Diabetes insipidus

The inability to produce concentrated urine due to either antidiuretic hormone deficiency or resistance, which leads to extreme thirst and polyuria. The diagnosis may be confirmed using a water deprivation test.

General examination

To diagnose diabetes insipidus, a detailed and full general examination is mandatory in the initial assessment. The respiratory system should be examined in detail for signs of sarcoidosis, tuberculosis and other connective tissue diseases.

Blood pressure and volume status

A postural drop in BP indicates intravascular volume depletion. Skin turgor and mucous membranes should also be assessed.

Ear, nose and throat examination

Signs of Wegener's granulomatosis should be sought.

Breast or testicular examination

This should be performed in all patients due to the possibility of metastatic disease or germ cell tumours.  


The thyroid gland should be examined in all patients presenting with possible metastatic disease.

Musculoskeletal system

The joints should be examined in detail for signs of connective tissue disease.

Muscle wasting may occur in glucocorticoid deficiency.

Proximal myopathy may occur in hypokalaemia or hypothyroidism and slow relaxing reflexes may occur with loss of thyroid function.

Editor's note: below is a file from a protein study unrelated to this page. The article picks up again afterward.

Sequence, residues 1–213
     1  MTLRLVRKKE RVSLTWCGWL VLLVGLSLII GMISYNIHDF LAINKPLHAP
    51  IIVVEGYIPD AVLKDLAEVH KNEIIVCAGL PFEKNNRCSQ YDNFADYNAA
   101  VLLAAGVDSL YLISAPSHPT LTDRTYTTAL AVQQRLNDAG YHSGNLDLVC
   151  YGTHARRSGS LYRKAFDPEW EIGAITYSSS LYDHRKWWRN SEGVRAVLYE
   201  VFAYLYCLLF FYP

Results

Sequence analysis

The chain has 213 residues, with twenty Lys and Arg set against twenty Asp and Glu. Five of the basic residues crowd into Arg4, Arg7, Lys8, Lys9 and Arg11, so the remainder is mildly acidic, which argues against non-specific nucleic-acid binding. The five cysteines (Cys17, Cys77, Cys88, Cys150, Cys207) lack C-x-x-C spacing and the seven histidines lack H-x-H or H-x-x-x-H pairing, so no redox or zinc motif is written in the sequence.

Digital rectal examination

Consider performing this in all patients presenting with apparently isolated DI in case of metastatic disease.

Pituitary status

Visual acuity and visual fields

Full assessment of acuity and fields is mandatory in all patients suspected of DI to detect chiasmal compression or other involvement of the optic pathways.

Visual fundoscopy

Disc pallor is indicative of long-term visual loss which may not recover after decompression of the optic pathway.

Papilloedema is an indicator of raised intracranial pressure requiring urgent investigation.

Cranial nerves III-XII

Full cranial nerve assessment is important in all patients with suspected peri-pituitary tumours.

The nerves of the cavernous sinus are most frequently affected, though a VI nerve palsy may be a false localising sign associated with increased intracranial pressure.


Turgor is assessed by pinching the skin of the back of the hand and observing how quickly the skin resumes its usual character.

Fine wrinkling of the skin occurs in hypopituitarism.

Pallor may also occur with a normocytic normochromic anaemia with glucocorticoid deficiency.

Doughy pallid 'myxoedematous' skin may be seen with loss of thyroid function.

Thyroid status

Specifically seek signs of thyroid dysfunction.